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The Marvels Movie Review

Updated: Jan 19



Let me start by saying this, The Marvels was not made for me. And that's perfect. I am a 46 year old American white guy. I have been able to identify with just about every hero movie that has been made. Why? Because they are mainly white dudes, many of them Americans or American based.


I cannot speak to young African-American girls. Likewise, I cannot identify with young Pakistani girls. But I can tell you that I saw my fourteen year old daughter hoop and holler throughout the movie because it was made for her. And that was perfect! Representation matters and Marvel Studios did a great job representing a lot of underserved communities in this entertaining movie. I love my background, where I'm from, and who I am, but it was somewhat refreshing to see a movie with nary a white dude saving the day. It just makes life more interesting and accurate.



With that out of the way, I thoroughly enjoyed The Marvels. I have seen every Marvel release to date, so I felt very comfortable knowing the story and prior MCU history. On the flip side, I have never read a Captain Marvel or Ms. Marvel comic, so I am not terribly familiar with these characters beyond what they show me in the movies. I bring this up because I have no issues with Kamala Khan's origin of powers, which is a big focus of this film. I know of the argument that fans are unhappy that she is no longer powered by the terrigen mist that connects to the Inhumans. I was actually thrilled that they shifted and utilized the idea of a mutant in her Disney+ series. I am a huge X-Men fan, so the more mutants, the better!


Again, I have no idea if this story from the movie exists in comic book form. And I'm fine with that. I thought the further use of Monica Rambeau (Teyonah Parris) complimenting Kamala, (Iman Vellani) and Carol Danvers (Brie Larson) was masterful. This added to the complexity of the relationship and family ties as Rambeau and Danvers had unsettled business and abandonment issues to deal with. Throw in the over-the-top enthusiasm of a teenage girl wanting to emulate her hero, and we have a lot of hilarity with moments of sobriety. I feared at first we would be inundated with the humor, but I feel like they found a fantastic balance and used it well.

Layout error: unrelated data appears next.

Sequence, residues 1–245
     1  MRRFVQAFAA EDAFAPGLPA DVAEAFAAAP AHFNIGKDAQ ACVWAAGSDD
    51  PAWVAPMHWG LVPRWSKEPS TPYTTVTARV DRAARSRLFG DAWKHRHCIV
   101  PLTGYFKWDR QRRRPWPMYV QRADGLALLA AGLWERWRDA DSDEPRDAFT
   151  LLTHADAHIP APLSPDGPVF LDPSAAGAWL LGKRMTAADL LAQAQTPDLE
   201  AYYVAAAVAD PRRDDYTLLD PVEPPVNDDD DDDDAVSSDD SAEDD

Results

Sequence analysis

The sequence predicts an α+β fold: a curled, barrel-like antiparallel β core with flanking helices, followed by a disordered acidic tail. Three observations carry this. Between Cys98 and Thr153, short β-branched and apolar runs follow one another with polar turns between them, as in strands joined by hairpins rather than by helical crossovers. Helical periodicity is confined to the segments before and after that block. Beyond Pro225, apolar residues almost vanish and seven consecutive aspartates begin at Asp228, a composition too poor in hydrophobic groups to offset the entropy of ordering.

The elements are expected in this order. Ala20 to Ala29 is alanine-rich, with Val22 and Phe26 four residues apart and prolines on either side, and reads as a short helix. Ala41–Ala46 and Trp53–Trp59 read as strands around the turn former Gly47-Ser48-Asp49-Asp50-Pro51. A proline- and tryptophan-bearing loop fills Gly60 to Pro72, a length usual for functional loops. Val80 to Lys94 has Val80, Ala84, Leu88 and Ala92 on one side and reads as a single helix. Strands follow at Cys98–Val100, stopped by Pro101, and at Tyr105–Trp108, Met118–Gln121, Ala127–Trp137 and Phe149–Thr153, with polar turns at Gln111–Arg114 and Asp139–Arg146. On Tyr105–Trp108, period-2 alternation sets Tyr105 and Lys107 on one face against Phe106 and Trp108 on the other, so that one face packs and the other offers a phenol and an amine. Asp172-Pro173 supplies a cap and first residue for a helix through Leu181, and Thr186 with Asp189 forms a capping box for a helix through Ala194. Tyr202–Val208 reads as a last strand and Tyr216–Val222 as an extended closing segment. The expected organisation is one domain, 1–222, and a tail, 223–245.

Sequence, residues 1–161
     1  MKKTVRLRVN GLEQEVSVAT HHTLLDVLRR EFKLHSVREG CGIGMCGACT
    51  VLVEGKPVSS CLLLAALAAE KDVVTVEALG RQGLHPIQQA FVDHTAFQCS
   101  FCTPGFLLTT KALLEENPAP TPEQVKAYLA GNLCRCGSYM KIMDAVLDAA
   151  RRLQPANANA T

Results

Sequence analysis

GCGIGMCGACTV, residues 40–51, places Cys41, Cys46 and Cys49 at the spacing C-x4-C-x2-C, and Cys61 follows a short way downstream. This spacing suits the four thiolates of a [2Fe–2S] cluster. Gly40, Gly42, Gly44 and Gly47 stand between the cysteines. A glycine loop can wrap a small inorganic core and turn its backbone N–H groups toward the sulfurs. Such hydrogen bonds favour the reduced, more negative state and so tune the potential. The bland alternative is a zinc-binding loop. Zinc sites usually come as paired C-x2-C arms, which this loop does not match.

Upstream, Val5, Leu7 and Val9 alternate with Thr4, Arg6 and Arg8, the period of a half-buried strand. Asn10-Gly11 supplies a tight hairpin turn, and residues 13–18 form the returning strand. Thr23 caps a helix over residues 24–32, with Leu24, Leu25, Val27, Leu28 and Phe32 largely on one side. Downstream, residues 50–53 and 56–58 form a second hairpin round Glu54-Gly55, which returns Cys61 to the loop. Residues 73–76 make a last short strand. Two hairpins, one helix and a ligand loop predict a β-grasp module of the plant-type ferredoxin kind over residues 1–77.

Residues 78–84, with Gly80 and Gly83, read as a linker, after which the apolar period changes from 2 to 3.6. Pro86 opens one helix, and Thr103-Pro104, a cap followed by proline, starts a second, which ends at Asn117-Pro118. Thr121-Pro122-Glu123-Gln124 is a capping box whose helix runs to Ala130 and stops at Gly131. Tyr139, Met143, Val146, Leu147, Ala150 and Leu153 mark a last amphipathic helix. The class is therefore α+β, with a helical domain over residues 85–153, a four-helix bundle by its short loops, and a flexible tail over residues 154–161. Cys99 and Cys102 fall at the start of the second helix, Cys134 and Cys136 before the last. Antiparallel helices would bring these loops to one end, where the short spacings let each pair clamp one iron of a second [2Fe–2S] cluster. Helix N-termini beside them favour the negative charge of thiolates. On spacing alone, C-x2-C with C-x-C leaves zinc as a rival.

For the most part, we see Captain Marvel having to deal with the repercussions of her early decisions when she first gained her powers. In typical superhero fashion, her actions led to the creation of this film's villain, Dar-Benn (Zawe Ashton). She is of Kree descent and utilizes all her energy, or more accurately hate, to unite her peoples and destroy anything Danvers holds dear. Although a member of the Avengers during Endgame, it is obvious that Captain Marvel has become very accustomed to working alone. This time, however, she literally can't. From the very beginning we learn that through the actions of Dar-Benn, Danvers, Rambeau, and Khan's powers are now connected. So if two of the ladies use their powers at the same time, they are immediately transported to the others position in space and time. This also means they must deal with whatever was going on with the other hero. At times it was somewhat confusing, but always engaging.



The overall bad guy story basically boils down to her need to save her Kree planet of Hala, which of course involves destroying other planets and civilizations. Our heroes must stop them at all costs. At no point did I find the story trivial or boring. I was engaged to see new planets and a couple of new aliens we have not seen before. I am sure people will have issue with the Aladnean culture and their language utilizing song, but I found that fascinating. They truly are not us, so why on Earth would they communicate or interact like us. It was a breath of fresh air in my opinion. Others, like the Skrulls, we have seen rather recently. We can also better understand why there was an internal power struggle in the Disney+ series Secret Invasion within the Skrull community. They have put up with a lot of death and destruction, and humans have not always helped. But that's a story we've already started elsewhere.